Previously to Owen’s introduction to the parish of Fordham, the parish itself, and the surrounding country, had been exceedingly neglected. Immediately, therefore, on obtaining the living, he set himself most resolutely to correct the evils in which it was immersed. Publicly, and privately, he appears to have laboured for the people’ good. Among other means which he employed, was that of catechising them from house to house; a mode of instruction peculiarly adapted to their condition, and which [[@Page:39]] has often been blessed to the souls of men. To enable him more effectually to prosecute this plan, in the end of the year 1645, he published, “ The Principles of the Doctrine of Christ, unfolded in two short Catechisms; wherein those principles of religion are explained, the knowledge whereof is required by the late ordinance of Parliament, before any be admitted to the Lord’ Supper: 12mo. pp. 60.  The first part of this small production he calls the lesser Catechism, intended for young persons, and to be committed to memory; the second, the greater Catechism, designed for the instruction of the grown up people, and to assist them in instructing their families. They are both tolerably simple, and on the whole, well adapted to the purpose for which they were prepared.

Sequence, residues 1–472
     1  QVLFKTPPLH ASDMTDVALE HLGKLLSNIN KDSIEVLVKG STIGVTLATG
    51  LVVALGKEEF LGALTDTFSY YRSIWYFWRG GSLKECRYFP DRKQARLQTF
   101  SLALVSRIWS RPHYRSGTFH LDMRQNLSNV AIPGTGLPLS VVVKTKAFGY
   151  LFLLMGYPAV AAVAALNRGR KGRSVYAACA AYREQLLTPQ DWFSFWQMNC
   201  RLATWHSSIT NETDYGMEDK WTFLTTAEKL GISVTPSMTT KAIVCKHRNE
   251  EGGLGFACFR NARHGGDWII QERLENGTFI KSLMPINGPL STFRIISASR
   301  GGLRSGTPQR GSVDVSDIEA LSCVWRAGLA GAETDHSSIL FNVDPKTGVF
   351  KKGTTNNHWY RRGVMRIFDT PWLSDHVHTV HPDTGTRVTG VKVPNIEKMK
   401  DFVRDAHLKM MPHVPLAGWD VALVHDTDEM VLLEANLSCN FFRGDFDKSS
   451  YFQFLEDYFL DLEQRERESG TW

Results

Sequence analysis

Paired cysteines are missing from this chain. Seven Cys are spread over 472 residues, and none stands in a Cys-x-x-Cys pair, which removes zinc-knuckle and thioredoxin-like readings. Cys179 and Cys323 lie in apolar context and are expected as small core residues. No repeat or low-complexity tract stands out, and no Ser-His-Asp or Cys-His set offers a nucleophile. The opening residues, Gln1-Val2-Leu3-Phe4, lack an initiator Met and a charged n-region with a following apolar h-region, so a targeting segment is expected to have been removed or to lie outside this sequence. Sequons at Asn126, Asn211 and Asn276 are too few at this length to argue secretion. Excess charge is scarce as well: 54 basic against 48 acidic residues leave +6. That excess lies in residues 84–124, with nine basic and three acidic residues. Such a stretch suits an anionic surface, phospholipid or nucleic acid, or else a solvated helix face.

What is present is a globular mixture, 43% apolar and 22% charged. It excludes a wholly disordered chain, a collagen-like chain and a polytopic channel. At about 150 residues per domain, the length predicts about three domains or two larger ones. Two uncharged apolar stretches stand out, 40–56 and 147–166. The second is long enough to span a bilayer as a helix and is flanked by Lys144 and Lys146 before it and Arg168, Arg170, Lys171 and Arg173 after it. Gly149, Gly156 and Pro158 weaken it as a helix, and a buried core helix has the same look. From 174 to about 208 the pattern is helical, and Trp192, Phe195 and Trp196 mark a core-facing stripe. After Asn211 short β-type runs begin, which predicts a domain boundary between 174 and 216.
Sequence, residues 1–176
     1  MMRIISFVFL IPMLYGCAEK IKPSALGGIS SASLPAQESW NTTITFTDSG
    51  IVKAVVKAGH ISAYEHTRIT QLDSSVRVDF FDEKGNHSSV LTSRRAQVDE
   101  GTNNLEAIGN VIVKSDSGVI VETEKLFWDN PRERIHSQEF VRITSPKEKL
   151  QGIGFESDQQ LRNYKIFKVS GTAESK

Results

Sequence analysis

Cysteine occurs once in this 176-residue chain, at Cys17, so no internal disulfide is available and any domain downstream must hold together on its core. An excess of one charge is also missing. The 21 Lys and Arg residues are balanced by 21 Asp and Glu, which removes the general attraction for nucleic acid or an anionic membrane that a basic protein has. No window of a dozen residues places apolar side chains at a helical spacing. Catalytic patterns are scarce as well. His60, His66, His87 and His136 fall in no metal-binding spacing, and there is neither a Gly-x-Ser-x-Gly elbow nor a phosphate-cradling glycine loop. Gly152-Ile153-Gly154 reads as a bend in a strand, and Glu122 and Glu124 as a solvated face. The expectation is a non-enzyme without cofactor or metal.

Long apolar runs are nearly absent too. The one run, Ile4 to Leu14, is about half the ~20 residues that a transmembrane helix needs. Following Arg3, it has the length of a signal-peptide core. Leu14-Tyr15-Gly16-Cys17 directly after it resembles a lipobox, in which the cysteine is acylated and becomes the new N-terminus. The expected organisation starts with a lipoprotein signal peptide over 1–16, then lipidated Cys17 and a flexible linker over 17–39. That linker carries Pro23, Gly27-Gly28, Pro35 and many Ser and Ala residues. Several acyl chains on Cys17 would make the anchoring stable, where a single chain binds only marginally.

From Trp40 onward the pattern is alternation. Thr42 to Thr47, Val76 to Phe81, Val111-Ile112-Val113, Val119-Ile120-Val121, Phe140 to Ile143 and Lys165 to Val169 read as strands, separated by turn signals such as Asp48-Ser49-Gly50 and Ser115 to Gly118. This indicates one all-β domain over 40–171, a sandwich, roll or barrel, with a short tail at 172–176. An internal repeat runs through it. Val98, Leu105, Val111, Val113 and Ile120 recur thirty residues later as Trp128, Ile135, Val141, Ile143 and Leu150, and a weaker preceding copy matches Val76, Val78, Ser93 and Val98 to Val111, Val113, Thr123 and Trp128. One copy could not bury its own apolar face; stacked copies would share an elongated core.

The Address to his ‘Loving Neighbours and Christian Friends,’ discovers the deep anxiety he felt for their spiritual welfare, and notices some of the means he bad employed to promote it. ‘My heart’s desire and request unto God for you is, that ye may be saved: I say the truth in Christ also, I lie not, my conscience bearing me witness in the Holy Ghost, that I have great heaviness, and continual sorrow in my heart, for them amongst you, who as yet walk disorderly. and not as beseemeth the gospel, little labouring to acquaint themselves with the mystery of godliness. You know, brethren, how I have been amongst you, and in what manner, for these few years past; and how I have kept back nothing that was profitable unto you; but have shewed you and taught you publicly, and from house to house, testifying to all repentance towards God, and faith towards our Lord Jesus Christ. With what sincerity this hath been by me performed, with what issue and success by you received, God, the righteous Judge, will one day declare. In the mean time, the desire of my heart is, to be servant to the least of you in the work of the Lord; and that in any way, which I can conceive profitable unto you, either in your persons or your families.’ This language shews bow much he was in earnest about his work, and discovers the same spiritual and benevolent mind, which he cultivated and maintained to the end of his course.